Residents return to city council pleading for reduction in the drive-thru coffee company’s impacts on their neighborhood
By Reggie Ellis and John Lindt
VISALIA – After more than a month of searching for a way to regain some semblance of the peaceful neighborhood they were accustomed to, residents of Beverly Glen in Visalia returned to the city council last week pleading with city leaders for a solution to Dutch Bros.’ impacts to their neighborhood.
“I love Visalia and I love my home that I’ve lived in for 35 years where my husband and I raised our children; however, I don’t love living here under these circumstances,” Laura Duarte said. “This is outrageous and extremely unfair.”
Since the popular drive-thru coffee chain opened at the southeast corner of Myrtle and Mooney Boulevard on Dec. 28, residents say the noise from thousands of cars each day from 5 a.m. to 10 p.m., lights glaring into their windows at night and traffic blocking their driveways along Beverly Drive and sending cars speeding down side streets to make U-turns or get out of the drive-thru line have made their well-established neighborhood unlivable.
“It’s just really hard to live there,” resident Kari Grant said.
The residents first brought their concerns to the council during public comment of the Jan. 19 council meeting. During that meeting, the council said staff was looking into ways to mitigate the issue and was in contact with Dutch Bros., the developer and the property owner, but as ofpress time there was still no solution. Mayor Steve Nelsen noted the city was spending a “tremendous amount of time” on the issue, with the developer agreeing to plant trees along the back of the property to reduce the noise and the city is meeting with the construction company, BJ Perch Construction, to measure the block wall at the eastern edge of the property, which was included in the permit to reduce noise levels in the nearby homes. Residents pointed out the seven-foot block wall did not take into account the foundation for the business being raised three feet to address flood plain issues. This essentially made the wall five feet tall, not tall enough to make an effective barrier.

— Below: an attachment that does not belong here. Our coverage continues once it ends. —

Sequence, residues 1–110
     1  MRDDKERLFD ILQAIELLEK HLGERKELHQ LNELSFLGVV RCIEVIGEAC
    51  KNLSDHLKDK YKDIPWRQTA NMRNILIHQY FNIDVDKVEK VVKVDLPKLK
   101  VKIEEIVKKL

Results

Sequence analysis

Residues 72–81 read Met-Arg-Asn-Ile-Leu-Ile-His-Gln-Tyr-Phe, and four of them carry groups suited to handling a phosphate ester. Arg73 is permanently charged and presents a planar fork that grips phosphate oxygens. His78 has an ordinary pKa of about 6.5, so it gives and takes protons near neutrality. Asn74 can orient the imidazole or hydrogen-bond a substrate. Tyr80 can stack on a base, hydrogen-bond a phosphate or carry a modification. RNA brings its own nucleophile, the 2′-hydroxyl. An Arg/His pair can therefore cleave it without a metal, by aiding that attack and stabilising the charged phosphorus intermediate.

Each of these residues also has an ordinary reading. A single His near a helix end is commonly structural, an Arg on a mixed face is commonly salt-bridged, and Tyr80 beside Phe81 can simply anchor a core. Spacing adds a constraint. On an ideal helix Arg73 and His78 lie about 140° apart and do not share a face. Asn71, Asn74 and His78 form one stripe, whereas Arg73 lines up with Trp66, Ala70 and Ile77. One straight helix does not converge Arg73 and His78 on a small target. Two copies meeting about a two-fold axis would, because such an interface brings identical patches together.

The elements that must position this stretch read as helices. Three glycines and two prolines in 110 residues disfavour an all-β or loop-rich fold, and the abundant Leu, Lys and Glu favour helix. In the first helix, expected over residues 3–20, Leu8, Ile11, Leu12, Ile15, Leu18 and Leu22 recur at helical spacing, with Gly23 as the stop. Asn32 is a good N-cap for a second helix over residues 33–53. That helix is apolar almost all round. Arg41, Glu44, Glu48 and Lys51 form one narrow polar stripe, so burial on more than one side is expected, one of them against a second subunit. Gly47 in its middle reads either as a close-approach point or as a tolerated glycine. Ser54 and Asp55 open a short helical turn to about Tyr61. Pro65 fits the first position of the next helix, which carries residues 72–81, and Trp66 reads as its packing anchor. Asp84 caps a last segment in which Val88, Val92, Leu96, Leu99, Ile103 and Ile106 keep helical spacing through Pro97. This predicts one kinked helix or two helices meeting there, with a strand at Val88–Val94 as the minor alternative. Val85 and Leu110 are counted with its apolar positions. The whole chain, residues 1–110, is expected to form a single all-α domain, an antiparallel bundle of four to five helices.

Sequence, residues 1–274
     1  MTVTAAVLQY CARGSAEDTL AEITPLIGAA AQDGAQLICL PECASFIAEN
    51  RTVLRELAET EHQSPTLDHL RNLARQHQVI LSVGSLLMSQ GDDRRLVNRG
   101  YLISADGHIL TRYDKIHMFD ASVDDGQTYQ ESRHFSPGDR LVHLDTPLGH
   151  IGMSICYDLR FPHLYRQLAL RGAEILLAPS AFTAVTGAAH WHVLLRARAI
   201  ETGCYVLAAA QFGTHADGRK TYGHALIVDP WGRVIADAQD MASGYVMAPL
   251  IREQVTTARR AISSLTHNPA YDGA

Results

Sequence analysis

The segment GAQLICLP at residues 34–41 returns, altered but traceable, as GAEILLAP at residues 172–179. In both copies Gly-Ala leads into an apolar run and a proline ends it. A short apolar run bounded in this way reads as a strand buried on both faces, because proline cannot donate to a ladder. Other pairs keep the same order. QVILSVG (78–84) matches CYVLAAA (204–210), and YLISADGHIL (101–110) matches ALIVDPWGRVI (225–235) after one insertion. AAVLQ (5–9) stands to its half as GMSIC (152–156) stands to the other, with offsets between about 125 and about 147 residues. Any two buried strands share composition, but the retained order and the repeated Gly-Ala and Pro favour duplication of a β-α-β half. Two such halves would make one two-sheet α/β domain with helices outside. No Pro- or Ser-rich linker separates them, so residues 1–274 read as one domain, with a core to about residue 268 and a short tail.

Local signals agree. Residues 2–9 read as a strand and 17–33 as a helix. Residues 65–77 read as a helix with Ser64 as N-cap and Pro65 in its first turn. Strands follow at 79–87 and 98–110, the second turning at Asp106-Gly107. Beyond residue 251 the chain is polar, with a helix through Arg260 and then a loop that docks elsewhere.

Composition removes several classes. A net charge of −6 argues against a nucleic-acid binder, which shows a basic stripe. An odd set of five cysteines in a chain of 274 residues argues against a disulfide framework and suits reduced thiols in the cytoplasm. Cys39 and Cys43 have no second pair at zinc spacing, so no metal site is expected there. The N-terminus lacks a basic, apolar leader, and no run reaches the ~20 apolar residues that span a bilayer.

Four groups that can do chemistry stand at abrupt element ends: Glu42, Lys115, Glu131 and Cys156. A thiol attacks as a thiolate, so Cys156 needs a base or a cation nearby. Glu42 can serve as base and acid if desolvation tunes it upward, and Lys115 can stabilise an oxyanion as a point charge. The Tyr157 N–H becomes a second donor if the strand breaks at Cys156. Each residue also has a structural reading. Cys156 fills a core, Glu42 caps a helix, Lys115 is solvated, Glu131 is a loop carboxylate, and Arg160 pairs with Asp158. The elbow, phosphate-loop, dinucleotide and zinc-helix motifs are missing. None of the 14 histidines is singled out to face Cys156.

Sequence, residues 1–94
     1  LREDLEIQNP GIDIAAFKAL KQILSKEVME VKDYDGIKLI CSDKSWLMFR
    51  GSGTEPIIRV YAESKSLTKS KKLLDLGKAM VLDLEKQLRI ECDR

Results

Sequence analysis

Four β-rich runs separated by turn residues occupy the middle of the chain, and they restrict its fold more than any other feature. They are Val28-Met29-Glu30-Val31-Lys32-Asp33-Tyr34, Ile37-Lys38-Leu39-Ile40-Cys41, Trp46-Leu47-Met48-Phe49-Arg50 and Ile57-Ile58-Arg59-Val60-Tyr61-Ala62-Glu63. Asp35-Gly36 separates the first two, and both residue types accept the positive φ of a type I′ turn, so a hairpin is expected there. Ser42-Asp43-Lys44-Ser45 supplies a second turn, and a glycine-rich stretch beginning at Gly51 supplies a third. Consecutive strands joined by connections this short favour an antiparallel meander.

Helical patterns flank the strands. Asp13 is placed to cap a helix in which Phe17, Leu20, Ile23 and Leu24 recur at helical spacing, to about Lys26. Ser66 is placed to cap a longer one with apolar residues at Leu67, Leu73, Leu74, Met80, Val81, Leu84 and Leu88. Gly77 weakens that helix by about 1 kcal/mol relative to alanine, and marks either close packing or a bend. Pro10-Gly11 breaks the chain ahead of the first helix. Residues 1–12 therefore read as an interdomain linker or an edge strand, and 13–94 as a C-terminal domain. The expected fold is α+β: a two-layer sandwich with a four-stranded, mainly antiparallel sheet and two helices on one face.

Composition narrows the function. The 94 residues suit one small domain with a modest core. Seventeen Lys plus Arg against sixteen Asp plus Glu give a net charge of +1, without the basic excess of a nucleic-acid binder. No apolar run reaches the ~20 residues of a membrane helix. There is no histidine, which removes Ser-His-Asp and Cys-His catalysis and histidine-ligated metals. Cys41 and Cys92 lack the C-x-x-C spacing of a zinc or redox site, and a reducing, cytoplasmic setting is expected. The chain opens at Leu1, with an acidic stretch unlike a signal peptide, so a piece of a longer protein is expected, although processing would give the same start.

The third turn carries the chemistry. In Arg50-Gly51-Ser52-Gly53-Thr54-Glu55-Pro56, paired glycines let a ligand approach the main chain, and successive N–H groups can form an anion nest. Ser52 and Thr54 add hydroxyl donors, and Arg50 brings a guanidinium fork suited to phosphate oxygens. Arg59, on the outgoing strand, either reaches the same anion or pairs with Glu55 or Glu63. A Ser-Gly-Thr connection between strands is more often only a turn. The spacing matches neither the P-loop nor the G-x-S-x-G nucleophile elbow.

“I hope that somehow that we are included in this plan, because if it’s not done right, we’ll have to continue and fight to make it right again,” Grant said.
Duarte, Grant and Stephen Tootle, suggested making the wall 10 feet tall and asked the city to enforce the noise ordinance for the business and by ticketing the cars in violation. Tootle quotes the purpose of the noise ordinance is to “prevent interfering with sleep communication, relaxation, or the full use of one’s property,” something he said they have not experienced for more than a month. He said the ordinance makes it illegal for any person at any location within the city to create noise at any time that exceeds the decibel level at their property line and it is illegal for the city to allow for the creation of that noise.
“What I would like is a solution that allows for Dutch Bros. to make giant piles of money and contribute that tax money to the city of Visalia and for our developers to be happy and for this to be a business-friendly environment,” Tootle said. “But I would also like to preserve the homes and have the law enforced.”
Councilmember Greg Collins, who lives in the area, said it was in the interest of all parties involved to solve the problem quickly because the drive-thru has created liability for the company, the city and the developer. He said having 20 cars backed up onto Mooney Boulevard, a state highway, is “crazy” and it is only a matter of time before someone runs into the back of one of those cars.
“If you can’t solve this, maybe you aren’t in the right place,” Collins said of Dutch Bros. “Eventually your patience runs out.”
There was little else the city council could do or say on the issue because the issue was not on the agenda. Elected officials are not allowed to discuss issues which are not agendized at least 72 hours in advance because it is a violation of the Brown Act, California’s open meeting law for government transparency.
“Coming from the private sector, it’s hard to accept that government doesn’t work real fast but I can tell you the city takes this very seriously,” Nelsen said.
Dutch Bros seeks third Visalia location
In a few weeks Dutch Bros will have a second spot open on Akers near the Lifestyle Center. Now the Oregon-based phenom wants a location on south Mooney across from Target in a new center on the Southwest corner of Mooney and Visalia Parkway. The company filed a site plan for the project with the city to be heard next week. The company has around 400 locations.